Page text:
School of Education


Doctor of Education (EdD)


Ellen Lowrie Black

Primary Subject Area

Education, General; Education, Higher; Sociology, Ethnic and Racial Studies


degree completion, higher education, Native American college students, persistence, retention


Education | Race and Ethnicity | Teacher Education and Professional Development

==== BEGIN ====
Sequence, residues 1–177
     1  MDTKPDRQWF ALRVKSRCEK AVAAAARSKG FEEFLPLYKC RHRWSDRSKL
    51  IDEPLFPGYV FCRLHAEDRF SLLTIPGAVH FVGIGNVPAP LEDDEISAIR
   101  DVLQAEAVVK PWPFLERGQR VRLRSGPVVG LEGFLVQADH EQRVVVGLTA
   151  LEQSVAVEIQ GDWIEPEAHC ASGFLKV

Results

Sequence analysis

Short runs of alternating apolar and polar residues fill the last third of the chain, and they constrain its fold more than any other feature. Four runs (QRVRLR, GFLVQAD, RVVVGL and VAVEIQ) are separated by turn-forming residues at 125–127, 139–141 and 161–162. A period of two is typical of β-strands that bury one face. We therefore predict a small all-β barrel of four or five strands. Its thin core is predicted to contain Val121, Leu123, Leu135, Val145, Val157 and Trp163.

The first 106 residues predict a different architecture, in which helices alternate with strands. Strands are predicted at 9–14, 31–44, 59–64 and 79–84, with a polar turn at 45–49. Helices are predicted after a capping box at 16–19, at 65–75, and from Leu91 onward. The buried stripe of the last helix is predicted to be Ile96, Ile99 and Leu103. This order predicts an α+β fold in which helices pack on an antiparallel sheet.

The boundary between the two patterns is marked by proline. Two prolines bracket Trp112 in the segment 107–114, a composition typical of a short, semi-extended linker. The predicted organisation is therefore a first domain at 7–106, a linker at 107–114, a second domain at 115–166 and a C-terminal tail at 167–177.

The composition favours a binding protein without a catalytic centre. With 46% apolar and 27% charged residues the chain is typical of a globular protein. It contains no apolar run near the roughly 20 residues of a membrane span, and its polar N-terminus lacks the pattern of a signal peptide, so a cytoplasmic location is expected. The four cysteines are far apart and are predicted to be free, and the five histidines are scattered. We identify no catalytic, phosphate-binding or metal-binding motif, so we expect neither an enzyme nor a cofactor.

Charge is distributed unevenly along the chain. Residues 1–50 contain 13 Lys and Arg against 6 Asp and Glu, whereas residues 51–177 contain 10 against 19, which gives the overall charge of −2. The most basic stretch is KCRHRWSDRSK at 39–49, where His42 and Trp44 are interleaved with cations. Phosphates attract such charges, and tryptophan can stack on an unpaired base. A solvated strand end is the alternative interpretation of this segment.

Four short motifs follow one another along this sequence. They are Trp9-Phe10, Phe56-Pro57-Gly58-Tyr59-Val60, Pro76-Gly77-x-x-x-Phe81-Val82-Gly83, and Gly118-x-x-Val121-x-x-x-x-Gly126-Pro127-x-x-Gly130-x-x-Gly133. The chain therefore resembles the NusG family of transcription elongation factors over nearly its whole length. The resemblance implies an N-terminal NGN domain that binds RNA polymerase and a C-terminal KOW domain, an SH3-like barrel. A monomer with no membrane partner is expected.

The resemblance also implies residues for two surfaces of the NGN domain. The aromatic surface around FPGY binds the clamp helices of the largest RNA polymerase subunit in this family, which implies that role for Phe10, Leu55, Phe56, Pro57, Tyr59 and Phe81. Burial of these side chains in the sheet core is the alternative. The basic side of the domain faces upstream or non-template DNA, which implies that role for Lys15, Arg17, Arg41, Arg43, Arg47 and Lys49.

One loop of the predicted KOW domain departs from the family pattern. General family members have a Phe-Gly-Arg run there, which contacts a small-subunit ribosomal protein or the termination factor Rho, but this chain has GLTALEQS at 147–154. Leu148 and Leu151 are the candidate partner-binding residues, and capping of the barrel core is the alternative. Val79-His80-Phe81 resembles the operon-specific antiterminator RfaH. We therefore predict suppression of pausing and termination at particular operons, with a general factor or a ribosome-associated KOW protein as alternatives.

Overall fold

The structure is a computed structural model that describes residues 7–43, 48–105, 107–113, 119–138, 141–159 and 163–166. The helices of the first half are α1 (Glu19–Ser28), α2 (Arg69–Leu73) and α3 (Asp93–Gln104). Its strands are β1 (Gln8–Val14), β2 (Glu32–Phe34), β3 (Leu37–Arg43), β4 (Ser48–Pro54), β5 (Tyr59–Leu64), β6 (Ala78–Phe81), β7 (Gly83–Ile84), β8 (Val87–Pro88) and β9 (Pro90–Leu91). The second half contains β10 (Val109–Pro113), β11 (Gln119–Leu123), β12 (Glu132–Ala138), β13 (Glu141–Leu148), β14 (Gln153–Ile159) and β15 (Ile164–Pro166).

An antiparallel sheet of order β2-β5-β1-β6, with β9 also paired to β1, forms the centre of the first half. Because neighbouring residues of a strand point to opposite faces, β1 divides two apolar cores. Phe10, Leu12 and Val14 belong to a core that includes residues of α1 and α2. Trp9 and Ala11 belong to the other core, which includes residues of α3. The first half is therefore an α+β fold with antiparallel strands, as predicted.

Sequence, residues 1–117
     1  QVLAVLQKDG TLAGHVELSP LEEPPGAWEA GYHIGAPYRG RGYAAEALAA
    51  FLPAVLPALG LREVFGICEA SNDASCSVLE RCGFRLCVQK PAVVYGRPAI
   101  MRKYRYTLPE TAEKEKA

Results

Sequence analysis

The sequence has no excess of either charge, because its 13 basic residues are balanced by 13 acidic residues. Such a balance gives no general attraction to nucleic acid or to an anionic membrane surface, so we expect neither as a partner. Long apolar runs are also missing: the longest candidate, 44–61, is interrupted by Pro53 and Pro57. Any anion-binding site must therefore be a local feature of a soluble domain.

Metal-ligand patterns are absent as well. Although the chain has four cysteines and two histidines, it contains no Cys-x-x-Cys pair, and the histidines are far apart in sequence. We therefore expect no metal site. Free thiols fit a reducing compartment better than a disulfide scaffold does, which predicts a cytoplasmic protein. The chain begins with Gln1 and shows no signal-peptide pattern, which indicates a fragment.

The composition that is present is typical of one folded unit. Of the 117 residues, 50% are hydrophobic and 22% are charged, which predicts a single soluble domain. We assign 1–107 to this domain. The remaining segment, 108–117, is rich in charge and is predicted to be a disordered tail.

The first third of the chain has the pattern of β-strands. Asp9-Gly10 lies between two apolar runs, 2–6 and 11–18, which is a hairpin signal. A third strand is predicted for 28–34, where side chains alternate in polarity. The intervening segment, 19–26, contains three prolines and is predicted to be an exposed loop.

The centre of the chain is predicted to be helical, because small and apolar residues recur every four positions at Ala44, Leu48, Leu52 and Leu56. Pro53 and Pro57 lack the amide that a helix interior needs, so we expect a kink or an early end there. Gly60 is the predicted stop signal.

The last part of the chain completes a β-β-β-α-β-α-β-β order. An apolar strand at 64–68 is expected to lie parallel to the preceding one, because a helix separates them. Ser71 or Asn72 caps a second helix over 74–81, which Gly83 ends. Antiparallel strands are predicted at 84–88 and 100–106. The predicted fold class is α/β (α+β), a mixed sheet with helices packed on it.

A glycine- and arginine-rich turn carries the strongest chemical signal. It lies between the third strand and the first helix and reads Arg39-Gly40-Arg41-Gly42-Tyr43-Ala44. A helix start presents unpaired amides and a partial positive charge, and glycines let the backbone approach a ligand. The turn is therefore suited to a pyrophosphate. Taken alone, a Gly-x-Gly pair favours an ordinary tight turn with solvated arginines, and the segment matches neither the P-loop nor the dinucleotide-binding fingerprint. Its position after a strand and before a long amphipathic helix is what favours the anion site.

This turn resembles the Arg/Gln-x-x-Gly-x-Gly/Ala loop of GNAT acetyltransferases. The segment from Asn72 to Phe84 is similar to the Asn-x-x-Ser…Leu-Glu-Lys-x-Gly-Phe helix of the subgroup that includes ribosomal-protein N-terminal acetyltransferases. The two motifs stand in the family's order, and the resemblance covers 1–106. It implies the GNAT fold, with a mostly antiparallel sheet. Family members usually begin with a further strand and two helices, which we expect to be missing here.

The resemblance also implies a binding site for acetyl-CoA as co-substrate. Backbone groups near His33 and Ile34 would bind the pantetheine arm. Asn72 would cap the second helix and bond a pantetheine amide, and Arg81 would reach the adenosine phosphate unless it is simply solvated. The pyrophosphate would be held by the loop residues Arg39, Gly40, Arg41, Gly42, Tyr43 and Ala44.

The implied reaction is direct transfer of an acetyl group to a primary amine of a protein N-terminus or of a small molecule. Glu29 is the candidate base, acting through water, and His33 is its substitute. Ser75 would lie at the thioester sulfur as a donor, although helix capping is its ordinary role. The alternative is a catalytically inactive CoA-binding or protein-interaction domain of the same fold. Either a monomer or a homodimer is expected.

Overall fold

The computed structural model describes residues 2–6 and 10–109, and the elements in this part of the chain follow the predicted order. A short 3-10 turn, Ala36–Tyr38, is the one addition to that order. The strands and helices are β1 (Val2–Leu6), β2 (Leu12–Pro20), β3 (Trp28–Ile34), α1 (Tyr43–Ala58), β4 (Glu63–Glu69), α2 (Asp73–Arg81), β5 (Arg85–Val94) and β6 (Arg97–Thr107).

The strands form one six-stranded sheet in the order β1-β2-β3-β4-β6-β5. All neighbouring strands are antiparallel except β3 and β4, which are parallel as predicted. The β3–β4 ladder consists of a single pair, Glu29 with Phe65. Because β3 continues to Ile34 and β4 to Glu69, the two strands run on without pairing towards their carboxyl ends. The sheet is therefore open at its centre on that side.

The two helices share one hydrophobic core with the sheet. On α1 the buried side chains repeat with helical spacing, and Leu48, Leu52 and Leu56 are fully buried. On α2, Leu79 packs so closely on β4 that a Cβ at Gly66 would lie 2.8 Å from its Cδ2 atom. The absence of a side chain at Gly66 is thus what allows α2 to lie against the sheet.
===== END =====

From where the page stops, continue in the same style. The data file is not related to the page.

The number of Native Americans entering college is higher now than it has been over the past 40 years; however, the degree completion rate has been less than half that of White students. This research study was a bounded case study of Native American students enrolled in the teacher education program. The purpose of this qualitative case study was to identify the perceived factors influencing the retention rate of Native American college students. Some of the theoretical models that explain why students stay or leave an institution before earning a college degree look more toward explaining this phenomenon in a quantitative analysis, although some of the methods can be applied to a qualitative case study. Some traditional theories on student retention emphasize the importance of students' backgrounds and positive encounters with other ideas and people (Guillory, 2008). The data collection procedures included interviewing participants, taking field notes, and reviewing documents and federal initiatives. From the data analysis, major themes and topics emerged, which included (a) cultural identity, (b) the institution, (c) factors for success, and (d) barriers to success. The findings of this study signify the need for higher education to incorporate Native American cultural aspects into their programs. The needs of Native American students are complex and require administrators, faculty members, and students in higher education to get involved. The retention rate of Native American students will remain low unless more attention is given to the financial, academic counseling, mentoring, spiritual, and relational aspects of college life.